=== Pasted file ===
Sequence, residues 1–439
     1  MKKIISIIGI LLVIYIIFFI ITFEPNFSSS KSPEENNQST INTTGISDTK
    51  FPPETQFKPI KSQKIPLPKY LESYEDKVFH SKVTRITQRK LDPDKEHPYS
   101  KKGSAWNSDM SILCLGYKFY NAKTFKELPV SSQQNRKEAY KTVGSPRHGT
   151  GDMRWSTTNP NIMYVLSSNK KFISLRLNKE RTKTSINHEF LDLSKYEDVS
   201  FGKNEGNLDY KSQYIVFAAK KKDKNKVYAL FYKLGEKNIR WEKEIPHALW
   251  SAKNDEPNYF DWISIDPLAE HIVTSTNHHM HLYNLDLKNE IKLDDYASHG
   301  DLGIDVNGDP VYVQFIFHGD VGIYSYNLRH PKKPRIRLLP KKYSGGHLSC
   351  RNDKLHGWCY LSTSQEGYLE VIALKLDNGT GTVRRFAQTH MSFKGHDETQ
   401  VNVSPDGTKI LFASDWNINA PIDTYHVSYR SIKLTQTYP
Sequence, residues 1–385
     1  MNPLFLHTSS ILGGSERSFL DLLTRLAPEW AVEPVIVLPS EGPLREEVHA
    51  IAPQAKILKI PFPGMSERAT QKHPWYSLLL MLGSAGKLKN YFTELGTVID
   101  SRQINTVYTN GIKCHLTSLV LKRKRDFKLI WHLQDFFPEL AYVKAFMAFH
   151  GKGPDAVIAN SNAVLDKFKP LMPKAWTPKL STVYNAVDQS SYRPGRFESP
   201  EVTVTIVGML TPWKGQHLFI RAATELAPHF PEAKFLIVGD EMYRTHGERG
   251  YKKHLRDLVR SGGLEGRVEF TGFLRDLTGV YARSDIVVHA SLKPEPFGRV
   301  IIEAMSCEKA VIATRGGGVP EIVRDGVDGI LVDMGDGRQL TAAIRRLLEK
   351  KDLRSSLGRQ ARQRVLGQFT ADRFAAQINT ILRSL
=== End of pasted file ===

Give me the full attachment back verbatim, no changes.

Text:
Sequence, residues 1–439
     1  MKKIISIIGI LLVIYIIFFI ITFEPNFSSS KSPEENNQST INTTGISDTK
    51  FPPETQFKPI KSQKIPLPKY LESYEDKVFH SKVTRITQRK LDPDKEHPYS
   101  KKGSAWNSDM SILCLGYKFY NAKTFKELPV SSQQNRKEAY KTVGSPRHGT
   151  GDMRWSTTNP NIMYVLSSNK KFISLRLNKE RTKTSINHEF LDLSKYEDVS
   201  FGKNEGNLDY KSQYIVFAAK KKDKNKVYAL FYKLGEKNIR WEKEIPHALW
   251  SAKNDEPNYF DWISIDPLAE HIVTSTNHHM HLYNLDLKNE IKLDDYASHG
   301  DLGIDVNGDP VYVQFIFHGD VGIYSYNLRH PKKPRIRLLP KKYSGGHLSC
   351  RNDKLHGWCY LSTSQEGYLE VIALKLDNGT GTVRRFAQTH MSFKGHDETQ
   401  VNVSPDGTKI LFASDWNINA PIDTYHVSYR SIKLTQTYP
Sequence, residues 1–385
     1  MNPLFLHTSS ILGGSERSFL DLLTRLAPEW AVEPVIVLPS EGPLREEVHA
    51  IAPQAKILKI PFPGMSERAT QKHPWYSLLL MLGSAGKLKN YFTELGTVID
   101  SRQINTVYTN GIKCHLTSLV LKRKRDFKLI WHLQDFFPEL AYVKAFMAFH
   151  GKGPDAVIAN SNAVLDKFKP LMPKAWTPKL STVYNAVDQS SYRPGRFESP
   201  EVTVTIVGML TPWKGQHLFI RAATELAPHF PEAKFLIVGD EMYRTHGERG
   251  YKKHLRDLVR SGGLEGRVEF TGFLRDLTGV YARSDIVVHA SLKPEPFGRV
   301  IIEAMSCEKA VIATRGGGVP EIVRDGVDGI LVDMGDGRQL TAAIRRLLEK
   351  KDLRSSLGRQ ARQRVLGQFT ADRFAAQINT ILRSL